Shading A Hard Surface Model 2015: Texturing A SciFi Power Cell
By Neil Blevins
Created On: Nov 7th 2015

Are you a 3d Concept Artist who uses Keyshot but wishes its materials were more flexible and it had better painting capabilities? Are you a Texture Artist who works on the final asset, but are tired of waiting for complex models with thousands of parts to be UVd? Well this video tutorial shows how I texture the hard surface model of a scifi power cell using a projection painting technique that requires no UV unwrapping and gives you far more flexibility than Keyshot provides while still retaining the speed. The tutorial is for 3dsmax and vray, but the ideas can be applied to your 3d package and renderer of choice.

33 min video, $1
Shading A Hard Surface Model 2015: Texturing A SciFi Power Cell Video Tutorial (Gumroad, accepts Credit Card and Paypal)


The video is also freely available on youtube, but the quality is not as high, and its not downloadable. So if you find it interesting, please consider purchasing it above.



In addition to the video, below is more information on using the main material shown in the video, its called Combo_DirtyRustyDecaledPaintedWornMetal_B. This flexible material with a long name is great for hard surface models that need to be grungy and dinged up. It's perfect for robots, fighting suits, military vehicles, factories, buildings, etc. It's especially designed to be thrown onto a model that has thousands of objects, and without the need to make time consuming UVs for those objects.

Needed Plugins and Scripts

To set up your work environment to follow this tutorial, visit this page and follow all the installation instructions: Soulburn MaterialAssetPack MetalsAdvanced1

Preparing Your Mesh

You must first prep the mesh you're planning on assigning the material to. In 3dsmax, select the objects you want to prepare, run the "modelPreparer" script that's a part of the Soulburnscripts, accept the default values, and it'll prepare the mesh for you.
Explaining The Material

Here's a detailed explanation of how the material works. After reading this once, you can jump down to the "Using The Material" section for just the bits you need to do to get the material to work on your model.

Here's a simplified graph of what the material's components look like (both patterns and sub materials), and what sort of pattern placement method they're using...



Surface Warble Bump Layer

Here's a screenshot of the material.



The first level is using the VRayBumpMtl to apply a large scale bump to all of the sub materials. I do this to give some slight variation to the reflections. For more info on this, feel free to check out my Flat Metallic Surfaces tutorial.

Blend Layer

Down one level, we have the Vray Blend Material, that contains all of the sub materials.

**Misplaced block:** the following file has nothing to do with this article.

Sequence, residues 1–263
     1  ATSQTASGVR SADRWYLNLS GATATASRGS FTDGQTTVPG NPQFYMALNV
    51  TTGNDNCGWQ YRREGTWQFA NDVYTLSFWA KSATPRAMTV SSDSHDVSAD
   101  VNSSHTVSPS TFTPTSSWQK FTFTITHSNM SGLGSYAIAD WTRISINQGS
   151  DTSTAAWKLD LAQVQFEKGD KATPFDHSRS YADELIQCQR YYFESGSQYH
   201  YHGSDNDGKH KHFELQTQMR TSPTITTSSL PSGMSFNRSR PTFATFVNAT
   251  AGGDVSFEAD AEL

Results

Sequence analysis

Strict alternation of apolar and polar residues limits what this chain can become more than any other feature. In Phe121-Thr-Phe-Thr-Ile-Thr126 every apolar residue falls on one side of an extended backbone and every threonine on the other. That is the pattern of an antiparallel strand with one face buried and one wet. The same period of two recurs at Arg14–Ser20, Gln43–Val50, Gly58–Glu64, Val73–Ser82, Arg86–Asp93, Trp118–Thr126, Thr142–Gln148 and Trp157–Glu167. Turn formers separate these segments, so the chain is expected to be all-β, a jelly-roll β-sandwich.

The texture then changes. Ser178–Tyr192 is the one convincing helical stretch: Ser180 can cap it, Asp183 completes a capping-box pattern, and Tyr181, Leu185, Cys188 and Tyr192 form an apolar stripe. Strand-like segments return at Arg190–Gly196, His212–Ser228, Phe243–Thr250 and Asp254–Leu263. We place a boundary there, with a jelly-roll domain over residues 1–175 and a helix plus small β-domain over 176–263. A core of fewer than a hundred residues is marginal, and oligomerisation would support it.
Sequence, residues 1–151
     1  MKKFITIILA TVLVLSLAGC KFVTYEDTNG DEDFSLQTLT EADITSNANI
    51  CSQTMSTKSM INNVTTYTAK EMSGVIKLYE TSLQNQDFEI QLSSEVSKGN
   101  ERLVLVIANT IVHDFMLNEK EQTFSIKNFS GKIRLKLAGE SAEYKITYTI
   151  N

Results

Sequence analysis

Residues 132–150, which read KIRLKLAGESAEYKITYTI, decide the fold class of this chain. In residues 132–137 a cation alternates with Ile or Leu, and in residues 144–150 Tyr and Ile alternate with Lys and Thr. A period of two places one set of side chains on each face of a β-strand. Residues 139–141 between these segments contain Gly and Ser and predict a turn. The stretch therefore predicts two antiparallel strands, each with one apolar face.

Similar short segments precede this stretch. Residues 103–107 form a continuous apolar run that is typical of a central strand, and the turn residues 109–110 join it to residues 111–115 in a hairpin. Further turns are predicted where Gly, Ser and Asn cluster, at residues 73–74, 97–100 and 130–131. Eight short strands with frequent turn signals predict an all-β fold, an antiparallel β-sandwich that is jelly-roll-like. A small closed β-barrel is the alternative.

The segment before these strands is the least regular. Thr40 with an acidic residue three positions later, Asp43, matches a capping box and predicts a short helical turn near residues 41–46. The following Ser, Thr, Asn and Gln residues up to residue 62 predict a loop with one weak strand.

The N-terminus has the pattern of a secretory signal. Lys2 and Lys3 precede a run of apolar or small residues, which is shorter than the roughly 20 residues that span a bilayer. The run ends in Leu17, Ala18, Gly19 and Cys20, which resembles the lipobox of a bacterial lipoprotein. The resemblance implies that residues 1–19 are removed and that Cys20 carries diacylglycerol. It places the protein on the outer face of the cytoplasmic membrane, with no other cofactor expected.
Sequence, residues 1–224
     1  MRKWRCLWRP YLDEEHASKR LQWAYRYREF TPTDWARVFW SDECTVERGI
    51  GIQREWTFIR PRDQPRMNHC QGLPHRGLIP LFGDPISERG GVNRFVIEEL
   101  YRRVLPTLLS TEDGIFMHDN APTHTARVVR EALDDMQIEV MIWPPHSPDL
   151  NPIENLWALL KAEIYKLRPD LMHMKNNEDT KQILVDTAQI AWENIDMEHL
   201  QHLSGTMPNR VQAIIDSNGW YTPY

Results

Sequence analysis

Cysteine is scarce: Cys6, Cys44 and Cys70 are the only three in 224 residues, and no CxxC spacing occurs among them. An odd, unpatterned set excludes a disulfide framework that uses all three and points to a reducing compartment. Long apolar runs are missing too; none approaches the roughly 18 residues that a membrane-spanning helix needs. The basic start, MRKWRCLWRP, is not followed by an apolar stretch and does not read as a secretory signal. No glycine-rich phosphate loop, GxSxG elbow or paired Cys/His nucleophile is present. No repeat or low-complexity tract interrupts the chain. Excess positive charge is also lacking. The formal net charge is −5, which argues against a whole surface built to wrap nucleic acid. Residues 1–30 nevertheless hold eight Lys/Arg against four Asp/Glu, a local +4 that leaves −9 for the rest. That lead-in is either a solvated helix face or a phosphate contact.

You have the "SteelWorn_1" base material, and 6 coat materials. Each coat material has a mask that reveals a certain amount of the material above it in the list. So the "SteelWorn_2" material sits on top of the "SteelWorn_1" material, and appears everywhere defined by the black and white mask "WornMask".

Note: On your model, you may not need all 6 layers. If not, feel free to delete whatever submaterials you don't need. It's help unclutter the material editor, and in some cases may cause the material to even render faster.

Now lets go through the layers one by one.

SteelWorn_1 Layer




SteelWorn_2 Layer






PaintFlatBumpy Layer




Decal Layer






Rust Layer




Dirt Layer




Dust Layer


Using The Material

Ok, you've now read the more detailed explanation, now here's the cheat sheet, follow the steps below to use the material on your model.

  • Prep
    • 1) Do the "Preparing Your Mesh" steps.
  • Surface Variation
    • 2) Adjust the size of the SurfaceVariation noise to be appropriate to your scene size.
  • SteelWorn_2
    • 3) Change the noise size and output values of the "Worn" curvature based mask to get the results you want.
    • 4) Paint the 6 maps for the "Worn" mask's blended cube projection using the rendered templates. These maps are black and white.
  • Paint
    • 5) Choose a paint color.
    • 6) Change the noise size and output values of the "Paint" curvature based mask to get the results you want.
    • 7) Paint the 6 maps for the "Paint" mask's blended cube projection using the rendered templates. These maps are black and white.
  • Decal
    • 8) Paint the 6 maps for the "Decal" layer's blended cube projection using the rendered templates. These maps are color on transparent. Plug into both the color and the mask maps of the material.
  • Rust
    • 9) Choose the brightness of the rust.
    • 10) Paint the 6 maps for the "Rust" mask's blended cube projection using the rendered templates. These maps are black and white.
  • Dirt
    • 11) Paint the 6 maps for the "Dirt" layer's blended cube projection using the rendered templates. These maps are color on transparent. Plug into both the color and the mask maps of the material.
  • Dust
    • 12) Change the noise size and output values of the "Dust" top facing based mask to get the results you want.
    • 13) Paint the 6 maps for the "Dust" mask's blended cube projection using the rendered templates. These maps are black and white.

And you're done. Here's a graphic that may also help you remember the cheat sheet steps:



I know this seems like a lot of steps, but again, check out the video above and see how quick the process actually is once you've practiced it. Hopefully you'll agree that it makes texturing any hard surface modeling a breeze compared to other techniques, not to mention super fast.

Examples

Here's some more complex models shaded using variants of the above material...















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